Stand up! stand up for Jesus

Stand up! stand up for Jesus!
  Ye soldiers of the cross;
Lift high His royal banner,
  It must not suffer loss:
From vict’ry unto vict’ry
  His army shall He lead,
Till every foe is vanquished
  And Christ is Lord indeed.
  Stand up for Jesus
Ye soldiers of the cross;
Lift high His royal banner,
  It must not, it must not suffer loss.
Stand up! stand up for Jesus!
  The trumpet call obey;
Forth to the mighty conflict
  In this His glorious day.
Ye that are men, now serve Him
  Against unnumbered foes;
Let courage rise with danger.
  And strength to strength oppose.
Stand up! stand up for Jesus!
  Stand in His strength alone;
The arm of flesh will fail you;
  Ye dare not trust your own.
Put on the Gospel armor,
  And, watching unto prayer,
Where duty calls, or danger,
  Be never wanting there.
Stand up! stand up for Jesus!
  The strife will not be long:
This day the noise of battle,
  The next the victor’s song;
To him that overcometh
  A crown of life shall be;
He, with the King of glory,
  Shall reign eternally.
Obichukwu Uchenna



Nennaaton A Akekue

Port Harcourt, Rivers State, Nigeria

I like this song, it's soul inspiring and invigorating. It awakens one to be combat ready.




Ruiru, Nairobi, Kenya

One of my favorite hymn song


Lagos, Nigeria

To God be thy glory


Lagos, Nigeria

This hymn is confidence booster I love it

Blessing Felix

Lagos, Ikeja, Nigeria

I am really and sincerely blessed and encouraged with the hymn. Duty is calling to stand up for Jesus as an end time army

Ana Lara

United States

The more familiar tune, “Web, ” was borrowed by an editor of a hymnal from a secular song written by George J. Webb, a song entitled “Tis Dawn, the Lark is Singing, ” which had been used for a musical show on board a ship crossing the Atlantic. Webb was born in Salisbury, England on June 24, 1803, and came to the United States in 1830. He settled in Boston and became active in the musical affairs of that city, serving as an organist of the “Old South Church” for forty years.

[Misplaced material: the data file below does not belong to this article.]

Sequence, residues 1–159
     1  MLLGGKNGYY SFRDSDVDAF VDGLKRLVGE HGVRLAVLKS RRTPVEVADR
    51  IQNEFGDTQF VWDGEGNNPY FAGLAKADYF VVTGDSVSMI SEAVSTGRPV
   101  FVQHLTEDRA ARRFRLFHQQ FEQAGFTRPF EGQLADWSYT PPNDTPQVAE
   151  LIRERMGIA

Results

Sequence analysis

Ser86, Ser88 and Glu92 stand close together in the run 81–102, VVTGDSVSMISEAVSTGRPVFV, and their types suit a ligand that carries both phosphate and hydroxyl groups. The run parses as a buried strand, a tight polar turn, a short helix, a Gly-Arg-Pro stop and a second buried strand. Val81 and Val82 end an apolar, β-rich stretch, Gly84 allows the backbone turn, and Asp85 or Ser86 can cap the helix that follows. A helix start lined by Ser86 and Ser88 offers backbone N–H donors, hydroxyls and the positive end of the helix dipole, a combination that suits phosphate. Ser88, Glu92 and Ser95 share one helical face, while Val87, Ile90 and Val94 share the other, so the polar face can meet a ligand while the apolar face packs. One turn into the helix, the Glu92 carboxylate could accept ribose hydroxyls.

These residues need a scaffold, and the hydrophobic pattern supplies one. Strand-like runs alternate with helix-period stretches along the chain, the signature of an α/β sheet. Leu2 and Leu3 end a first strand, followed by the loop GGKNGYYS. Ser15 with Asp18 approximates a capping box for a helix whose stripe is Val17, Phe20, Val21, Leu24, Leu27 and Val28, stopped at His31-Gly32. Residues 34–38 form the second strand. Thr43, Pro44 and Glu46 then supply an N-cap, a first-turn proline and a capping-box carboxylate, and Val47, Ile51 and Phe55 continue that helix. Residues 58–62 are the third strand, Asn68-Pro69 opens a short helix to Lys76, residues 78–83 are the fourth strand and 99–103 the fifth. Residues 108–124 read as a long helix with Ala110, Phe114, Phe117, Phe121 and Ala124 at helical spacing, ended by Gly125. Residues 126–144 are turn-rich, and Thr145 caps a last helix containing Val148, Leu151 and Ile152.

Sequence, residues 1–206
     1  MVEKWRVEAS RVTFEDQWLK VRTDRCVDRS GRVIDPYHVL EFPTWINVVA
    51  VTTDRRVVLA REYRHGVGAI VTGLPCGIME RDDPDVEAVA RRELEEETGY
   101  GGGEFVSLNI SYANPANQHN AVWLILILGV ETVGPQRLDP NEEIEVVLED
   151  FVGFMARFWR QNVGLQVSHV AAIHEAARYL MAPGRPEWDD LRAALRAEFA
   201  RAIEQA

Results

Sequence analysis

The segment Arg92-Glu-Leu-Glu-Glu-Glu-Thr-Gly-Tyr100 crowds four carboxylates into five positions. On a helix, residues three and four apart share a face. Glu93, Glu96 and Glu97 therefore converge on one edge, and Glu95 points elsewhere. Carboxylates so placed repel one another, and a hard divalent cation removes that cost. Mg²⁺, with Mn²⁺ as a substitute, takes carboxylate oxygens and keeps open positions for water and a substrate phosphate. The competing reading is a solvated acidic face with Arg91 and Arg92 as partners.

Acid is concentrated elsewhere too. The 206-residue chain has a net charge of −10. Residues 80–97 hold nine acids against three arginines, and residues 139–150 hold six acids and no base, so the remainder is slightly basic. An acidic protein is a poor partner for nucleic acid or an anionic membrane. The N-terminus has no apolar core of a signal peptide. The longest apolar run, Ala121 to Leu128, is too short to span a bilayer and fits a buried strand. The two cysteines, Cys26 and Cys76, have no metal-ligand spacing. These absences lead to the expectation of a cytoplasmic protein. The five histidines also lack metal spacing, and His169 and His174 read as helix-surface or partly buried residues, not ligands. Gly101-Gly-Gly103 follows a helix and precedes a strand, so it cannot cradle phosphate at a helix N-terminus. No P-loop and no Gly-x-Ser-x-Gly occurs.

The less familiar yet more touching tune “Geibel” was composed by Adam Geibel especially for Duffield’s text in 1901. Adam Geibel was born in Germany, on September 15, 1885. After settling in the United States, he became an organist and a music teacher. He founded the Adam Geibel Music Company, which eventually became the Hall-Mac Company and merged later with the Rodeheaver Hall-Mac Company. Geibel became completely blind at eight years of age due to an eye infection. Yet despite his blindness, he was a skillful organist, composer, and conductor of both secular and sacred music. He was especially known for his ability to arrange for male voices.

God is able to perform marvelous things through even the most extraordinary circumstances: A dynamic young Episcopalian (Dudley Tyng), a corn threshing machine, a tragic fatal accident, a Presbyterian minister’s hymn text tribute (George Duffield), two tunes; one secular (Webb), another by a blind composer (Geibel) and the revival of 1858, the work of God in Philadelphia, still have their influence on us today with the hymn “Stand Up for Jesus. ”

Opeyemi James

Abuja, FCT, Nigeria

The song encourage me today. Glory be to God

John Auven Shamata

Maiduguri, Borno, Nigeria

My best hymn